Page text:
“In the sky there is no distinction of east and west; people create the distinctions out of their own minds and then believe them to be true.”

This is another of the Fake Buddha Quotes that appeared in Tricycle’s blog yesterday. Tricycle managed to pull off the feat of having every single one of the Buddha quotes in an article be fake (some I’ve already covered, and the others I’ll tackle later), although Tricycle was in turn citing the work of an artist who combines quotations with images.

“In the sky there is no distinction of east and west; people create the distinctions out of their own minds and then believe them to be true.”

To be honest, this only barely registered on my inner Fake-osity Meter. The Buddha did use sky metaphors, but the second part, about creating distinctions in the mind and then believing in them, didn’t seem typical of the way the Buddha’s recorded as speaking.

Sure enough, the original source appears to be a book called “The Teachings of Buddha,” which is a Gideon Bible-type publication by a non-profit organization called Bukkyo Dendo Kyokai, which puts copies in every hotel room in Japan.

Now the problem with citing a quote from “The Teachings of Buddha” is that people are inclined to think that the quote is literally one of the teachings of the Buddha (i.e. something the Buddha said) rather than an explanation of the kinds of things that Buddhism teaches.

If I quote a bit more of the passage, you’ll recognize that on the whole it’s absolutely contemporary and not the kind of thing we find in Buddhist scriptures:

In the sky there is no distinction of east and west; people create the distinctions out of their own minds and then believe them to be true.

Mathematical numbers from one to infinity are each complete numbers, and each in itself carries no distinction of quantity; but people make the discrimination for their own convenience, so as to able to indicate varying amounts.

Only a mention of quantum physics could render it more obvious that this isn’t a genuine Buddha quote.

7 thoughts on ““In the sky there is no distinction of east and west; people create the distinctions out of their own minds and then believe them to be true.””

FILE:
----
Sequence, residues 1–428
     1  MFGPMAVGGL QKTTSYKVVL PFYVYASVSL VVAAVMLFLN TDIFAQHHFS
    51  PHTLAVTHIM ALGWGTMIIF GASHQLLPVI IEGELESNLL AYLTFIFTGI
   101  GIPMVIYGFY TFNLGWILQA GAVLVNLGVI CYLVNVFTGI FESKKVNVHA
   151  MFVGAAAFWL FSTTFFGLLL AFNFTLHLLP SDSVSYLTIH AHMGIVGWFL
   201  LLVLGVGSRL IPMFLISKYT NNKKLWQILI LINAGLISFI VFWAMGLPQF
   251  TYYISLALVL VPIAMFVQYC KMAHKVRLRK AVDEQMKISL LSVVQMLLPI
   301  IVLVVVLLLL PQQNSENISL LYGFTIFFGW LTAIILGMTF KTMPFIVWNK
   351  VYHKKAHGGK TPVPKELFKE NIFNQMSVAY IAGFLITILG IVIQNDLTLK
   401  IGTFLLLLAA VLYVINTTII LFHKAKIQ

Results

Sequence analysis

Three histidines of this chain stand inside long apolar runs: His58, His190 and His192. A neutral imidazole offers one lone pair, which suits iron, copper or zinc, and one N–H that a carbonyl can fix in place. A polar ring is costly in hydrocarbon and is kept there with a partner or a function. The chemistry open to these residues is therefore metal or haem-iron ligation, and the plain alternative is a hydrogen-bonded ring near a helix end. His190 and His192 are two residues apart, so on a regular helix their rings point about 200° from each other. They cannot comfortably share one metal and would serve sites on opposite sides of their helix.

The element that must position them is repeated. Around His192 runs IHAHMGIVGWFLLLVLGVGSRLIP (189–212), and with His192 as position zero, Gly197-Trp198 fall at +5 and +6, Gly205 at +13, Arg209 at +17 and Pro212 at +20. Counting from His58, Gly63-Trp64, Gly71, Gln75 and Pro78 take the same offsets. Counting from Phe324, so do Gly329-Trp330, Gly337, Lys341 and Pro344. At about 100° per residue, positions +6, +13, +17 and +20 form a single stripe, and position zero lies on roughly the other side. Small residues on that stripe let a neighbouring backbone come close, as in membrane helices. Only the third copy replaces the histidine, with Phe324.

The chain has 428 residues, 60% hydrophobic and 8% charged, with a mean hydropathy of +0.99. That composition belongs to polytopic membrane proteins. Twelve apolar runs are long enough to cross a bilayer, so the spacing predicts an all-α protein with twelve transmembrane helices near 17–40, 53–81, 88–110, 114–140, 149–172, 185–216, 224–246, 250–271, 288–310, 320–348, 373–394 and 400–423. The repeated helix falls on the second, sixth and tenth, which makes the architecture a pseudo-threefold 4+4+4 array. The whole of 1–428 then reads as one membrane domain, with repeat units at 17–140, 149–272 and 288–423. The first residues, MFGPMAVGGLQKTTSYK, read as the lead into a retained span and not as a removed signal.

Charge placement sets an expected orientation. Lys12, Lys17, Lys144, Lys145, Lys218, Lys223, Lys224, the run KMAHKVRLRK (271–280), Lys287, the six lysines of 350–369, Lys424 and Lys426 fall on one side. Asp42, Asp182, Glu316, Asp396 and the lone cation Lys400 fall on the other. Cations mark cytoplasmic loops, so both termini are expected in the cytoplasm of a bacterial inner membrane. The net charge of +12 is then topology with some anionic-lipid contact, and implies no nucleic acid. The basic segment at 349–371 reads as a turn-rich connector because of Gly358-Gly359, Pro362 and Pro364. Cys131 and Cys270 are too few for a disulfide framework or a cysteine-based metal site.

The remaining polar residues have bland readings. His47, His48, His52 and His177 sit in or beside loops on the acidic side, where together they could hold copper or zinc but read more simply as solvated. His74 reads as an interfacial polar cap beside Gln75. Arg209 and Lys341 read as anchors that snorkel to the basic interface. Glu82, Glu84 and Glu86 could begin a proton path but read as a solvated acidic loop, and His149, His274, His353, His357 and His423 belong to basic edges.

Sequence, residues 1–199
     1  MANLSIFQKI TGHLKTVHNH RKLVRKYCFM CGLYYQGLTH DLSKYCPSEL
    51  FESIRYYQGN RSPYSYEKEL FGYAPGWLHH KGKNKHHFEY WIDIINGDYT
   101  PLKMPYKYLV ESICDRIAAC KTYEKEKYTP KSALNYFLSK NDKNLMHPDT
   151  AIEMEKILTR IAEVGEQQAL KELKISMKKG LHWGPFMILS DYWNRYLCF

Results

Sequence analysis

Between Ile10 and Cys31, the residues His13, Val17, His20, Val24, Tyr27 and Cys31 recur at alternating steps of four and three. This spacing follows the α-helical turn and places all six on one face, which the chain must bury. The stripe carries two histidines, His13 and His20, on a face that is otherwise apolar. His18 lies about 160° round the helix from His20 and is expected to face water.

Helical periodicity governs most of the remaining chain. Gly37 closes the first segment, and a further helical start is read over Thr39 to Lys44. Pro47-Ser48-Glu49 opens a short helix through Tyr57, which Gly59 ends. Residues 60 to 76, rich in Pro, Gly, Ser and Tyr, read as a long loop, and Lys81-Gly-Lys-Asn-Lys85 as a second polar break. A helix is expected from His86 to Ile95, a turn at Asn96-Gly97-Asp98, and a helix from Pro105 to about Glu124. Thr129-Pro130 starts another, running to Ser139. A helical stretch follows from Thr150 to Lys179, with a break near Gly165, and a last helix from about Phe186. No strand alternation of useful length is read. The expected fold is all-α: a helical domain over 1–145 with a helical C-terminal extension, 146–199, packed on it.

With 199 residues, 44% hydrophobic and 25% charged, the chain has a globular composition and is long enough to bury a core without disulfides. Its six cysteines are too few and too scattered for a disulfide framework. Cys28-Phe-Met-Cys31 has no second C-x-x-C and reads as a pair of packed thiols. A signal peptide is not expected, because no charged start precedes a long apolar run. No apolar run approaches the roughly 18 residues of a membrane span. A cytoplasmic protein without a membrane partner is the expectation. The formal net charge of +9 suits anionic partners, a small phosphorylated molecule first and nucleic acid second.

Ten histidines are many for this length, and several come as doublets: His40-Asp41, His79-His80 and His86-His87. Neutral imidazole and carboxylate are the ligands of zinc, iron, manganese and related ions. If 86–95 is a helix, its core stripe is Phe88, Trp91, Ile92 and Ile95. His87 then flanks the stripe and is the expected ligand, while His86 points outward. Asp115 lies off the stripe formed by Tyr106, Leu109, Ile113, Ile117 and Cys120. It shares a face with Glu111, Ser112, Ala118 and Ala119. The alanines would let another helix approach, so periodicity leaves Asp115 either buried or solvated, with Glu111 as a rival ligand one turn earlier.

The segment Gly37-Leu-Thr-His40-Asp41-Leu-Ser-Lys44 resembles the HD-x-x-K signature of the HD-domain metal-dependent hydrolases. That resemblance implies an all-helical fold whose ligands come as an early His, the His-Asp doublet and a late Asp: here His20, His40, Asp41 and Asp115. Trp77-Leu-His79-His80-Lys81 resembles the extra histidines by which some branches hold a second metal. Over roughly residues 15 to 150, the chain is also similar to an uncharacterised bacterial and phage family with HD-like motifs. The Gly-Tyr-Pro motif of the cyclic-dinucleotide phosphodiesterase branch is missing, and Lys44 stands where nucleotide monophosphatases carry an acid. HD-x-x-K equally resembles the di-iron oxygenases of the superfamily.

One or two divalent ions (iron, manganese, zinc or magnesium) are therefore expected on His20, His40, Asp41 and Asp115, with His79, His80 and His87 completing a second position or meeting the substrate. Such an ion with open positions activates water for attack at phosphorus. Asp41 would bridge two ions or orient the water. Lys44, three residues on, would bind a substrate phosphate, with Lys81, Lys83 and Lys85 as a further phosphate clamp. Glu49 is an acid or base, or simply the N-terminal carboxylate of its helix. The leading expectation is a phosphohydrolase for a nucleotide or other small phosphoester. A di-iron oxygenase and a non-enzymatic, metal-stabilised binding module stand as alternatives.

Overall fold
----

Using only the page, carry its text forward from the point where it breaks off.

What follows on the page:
1. and you are?? Mr ???? don’t giva a toss how quotes is this mate! It’s a nice quote! Buddha, would be pleased if people follow this quote just because it’s his name attached … you sir, you missed the point

    1. Yes, it’s a nice quote. The only point I’m making is that the Buddha didn’t say it. I’m sorry that you’re upset by that.

  2. This is actually a a quote from Padmasambhava or as he is known throughout the himalayan region as Guru Rinpoche. He was foretold by Shakyamuni Buddha as his tantric embodiment, who would arrive in this world to spread the tantric teachings far and wide. These teaching were primarily spread and retained inside Tibet up to the present day.

    1. And where in the works of Padmasambhava can this quotation be found? Making a claim about a quote’s provenance is meaningless without evidence.

  3. This one is disappointing because it is the type of thing that does occur in sutras attributed to the Buddha, but the wording is all wrong.

    For example, one of the Heap of Jewels sutras says: “People speak of the eastern space, the southern space, the western space, the northern space, the four intermediate spaces, the space above, the space below, and so forth. Such distinctions are spoken of, although the empty space itself is devoid of distinctions. In like manner, virtuous one, the various stages are established in the ultimate emptiness of all things, although the emptiness itself is devoid of distinctions.”

    But even in the sutra this isn’t the Buddha saying it, it’s Manjushri!

    In the 10,000 line Prajnaparamita sutra it also says: ” For example, Su­bhūti, in space the eastern direction is not discernible. The southern direction, the western direction, and the northern direction are not discernible.”

    But again, wording is totally different.

    1. That’s very interesting, thanks. Bukkyo Dendo Kyokai is a Mahayana organization (or at least an ecumenical one) and it’s quite possible that they were referencing the Heap of Jewels. I’ve found a couple of books containing the quote you so kindly supplied, and I’ll update the article when I have a minute.

Leave a Reply

Your email address will not be published.

This site uses Akismet to reduce spam. Learn how your comment data is processed.